WHEN POVERTY KILLS
THE RICHEST PEOPLE CAN CURRENTLY EXPECT TO LIVE EIGHT YEARS LONGER THAN THE POOREST
THE MOST deprived girls and boys born in England and Wales today will die an average of eight years before the richest.
The figures, released by the Office for National Statistics, give a stark illustration of how poverty can literally cut a life short.
Deprivation is measured by looking at factors like income and employment, but also education, crime levels, housing and the local environment. Boys born in the most deprived 10 per cent of places in England and Wales have a life expectancy of around 74. For boys born in the most affluent 10 per cent of places, that figure rises to around 83. The gap for girls is slightly narrower and girls live significantly longer than boys at every point on the deprivation scale. Girls born in the most deprived 10 per cent of places live to around 78-79, while those in the richest 10 per cent of places live to around 86.
The data shows that poverty doesn’t just affect how long you can expect to live, but also how long you can expect to live disability-free and in good health.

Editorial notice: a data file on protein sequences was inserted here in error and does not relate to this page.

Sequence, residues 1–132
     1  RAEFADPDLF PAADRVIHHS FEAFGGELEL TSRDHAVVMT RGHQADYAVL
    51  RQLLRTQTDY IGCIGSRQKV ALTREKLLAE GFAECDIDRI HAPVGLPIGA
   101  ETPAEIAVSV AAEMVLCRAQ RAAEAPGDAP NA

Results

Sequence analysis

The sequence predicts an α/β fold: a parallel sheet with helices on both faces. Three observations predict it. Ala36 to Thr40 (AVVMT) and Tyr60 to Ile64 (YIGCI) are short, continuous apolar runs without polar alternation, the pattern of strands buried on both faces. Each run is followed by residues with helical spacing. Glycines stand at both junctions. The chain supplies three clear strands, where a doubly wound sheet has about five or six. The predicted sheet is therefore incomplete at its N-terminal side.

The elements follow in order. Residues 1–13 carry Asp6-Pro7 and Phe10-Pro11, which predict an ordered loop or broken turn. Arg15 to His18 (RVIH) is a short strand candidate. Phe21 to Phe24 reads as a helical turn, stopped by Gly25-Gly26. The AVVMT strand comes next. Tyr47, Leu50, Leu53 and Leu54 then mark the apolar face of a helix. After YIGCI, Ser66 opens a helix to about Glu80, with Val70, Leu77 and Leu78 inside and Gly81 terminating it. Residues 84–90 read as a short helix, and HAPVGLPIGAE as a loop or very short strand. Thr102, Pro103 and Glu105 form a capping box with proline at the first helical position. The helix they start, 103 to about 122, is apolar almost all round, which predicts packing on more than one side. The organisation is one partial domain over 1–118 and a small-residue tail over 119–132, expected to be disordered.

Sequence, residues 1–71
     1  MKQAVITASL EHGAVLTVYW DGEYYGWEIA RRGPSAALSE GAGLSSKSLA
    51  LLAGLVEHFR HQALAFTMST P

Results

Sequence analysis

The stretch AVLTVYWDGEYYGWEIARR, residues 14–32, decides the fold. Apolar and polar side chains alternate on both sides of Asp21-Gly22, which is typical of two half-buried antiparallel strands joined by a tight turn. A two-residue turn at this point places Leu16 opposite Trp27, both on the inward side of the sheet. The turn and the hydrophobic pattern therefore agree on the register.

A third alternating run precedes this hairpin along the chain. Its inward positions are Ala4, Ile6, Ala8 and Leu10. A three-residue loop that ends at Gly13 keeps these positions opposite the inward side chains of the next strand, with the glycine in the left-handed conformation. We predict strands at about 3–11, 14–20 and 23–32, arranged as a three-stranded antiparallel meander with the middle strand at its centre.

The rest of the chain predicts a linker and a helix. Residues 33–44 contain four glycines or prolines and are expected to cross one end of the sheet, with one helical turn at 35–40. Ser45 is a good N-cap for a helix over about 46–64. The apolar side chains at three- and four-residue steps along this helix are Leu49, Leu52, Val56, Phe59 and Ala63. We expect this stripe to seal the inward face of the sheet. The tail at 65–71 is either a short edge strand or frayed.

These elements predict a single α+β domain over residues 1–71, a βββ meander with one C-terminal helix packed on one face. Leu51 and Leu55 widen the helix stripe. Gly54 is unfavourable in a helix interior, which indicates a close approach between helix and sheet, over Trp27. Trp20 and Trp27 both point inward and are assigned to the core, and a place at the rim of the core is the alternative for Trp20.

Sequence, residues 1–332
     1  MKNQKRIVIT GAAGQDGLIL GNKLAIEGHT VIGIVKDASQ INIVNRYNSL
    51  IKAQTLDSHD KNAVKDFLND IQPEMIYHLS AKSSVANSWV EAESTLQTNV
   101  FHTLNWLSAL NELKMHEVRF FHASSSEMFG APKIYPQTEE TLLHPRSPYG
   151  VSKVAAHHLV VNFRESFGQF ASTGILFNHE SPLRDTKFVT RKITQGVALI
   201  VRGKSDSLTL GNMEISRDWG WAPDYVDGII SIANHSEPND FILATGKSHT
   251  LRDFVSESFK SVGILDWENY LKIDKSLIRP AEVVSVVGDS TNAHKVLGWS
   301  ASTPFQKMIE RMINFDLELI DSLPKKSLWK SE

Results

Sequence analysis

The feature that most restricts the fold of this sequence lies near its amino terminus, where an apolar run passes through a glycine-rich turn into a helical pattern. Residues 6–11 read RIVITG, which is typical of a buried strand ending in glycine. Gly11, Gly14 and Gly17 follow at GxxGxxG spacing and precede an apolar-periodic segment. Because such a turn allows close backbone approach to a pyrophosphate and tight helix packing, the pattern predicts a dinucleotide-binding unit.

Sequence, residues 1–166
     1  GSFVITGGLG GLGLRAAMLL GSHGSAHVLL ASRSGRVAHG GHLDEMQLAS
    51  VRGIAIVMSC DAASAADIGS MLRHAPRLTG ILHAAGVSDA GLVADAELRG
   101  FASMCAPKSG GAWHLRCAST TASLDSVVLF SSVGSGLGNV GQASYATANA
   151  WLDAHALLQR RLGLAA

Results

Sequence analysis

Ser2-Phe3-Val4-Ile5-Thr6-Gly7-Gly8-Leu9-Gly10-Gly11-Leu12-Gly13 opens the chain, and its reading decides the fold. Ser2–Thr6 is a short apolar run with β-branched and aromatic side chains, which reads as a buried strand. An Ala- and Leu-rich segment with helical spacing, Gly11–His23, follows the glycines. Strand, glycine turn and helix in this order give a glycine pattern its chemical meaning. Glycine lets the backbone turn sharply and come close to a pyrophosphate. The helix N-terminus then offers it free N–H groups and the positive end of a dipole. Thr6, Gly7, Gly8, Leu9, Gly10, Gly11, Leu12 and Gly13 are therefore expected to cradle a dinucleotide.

For example, the most deprived boys will live just 70 per cent of their lives free of disability - a figure that rises to 82 per cent for those living in the most affluent areas.
David Leese, policy analysis manager at the Joseph Rowntree Foundation, said the life expectancy gap caused by poverty was “simply unacceptable” in modern Britain.
He said: “In our society, we believe in justice and compassion, helping and protecting each other from harm.
“Everyone should have the same opportunity to enjoy a healthy and secure life - regardless of their income or where they’re from. These figures should act as wake up call: we need action to loosen poverty’s grip on the health of our nation.”
A spokesperson for the Department for Health and Social Care said: “Health inequality is a challenging and complex area and is driven by a variety of factors but we are working hard to tackle the root causes. “Since 2010 income inequality has fallen, more children have working parents and fewer children are living in poverty. “We are also investing more than £16 billion in local government public health services, providing free NHS vaccination and screening programmes and have set up a £2.5 billion fund to help disadvantaged pupils.”
The living environment, employment and an area’s income all impact on deprivation levels
Deprivation is also measured by looking at sectors such as education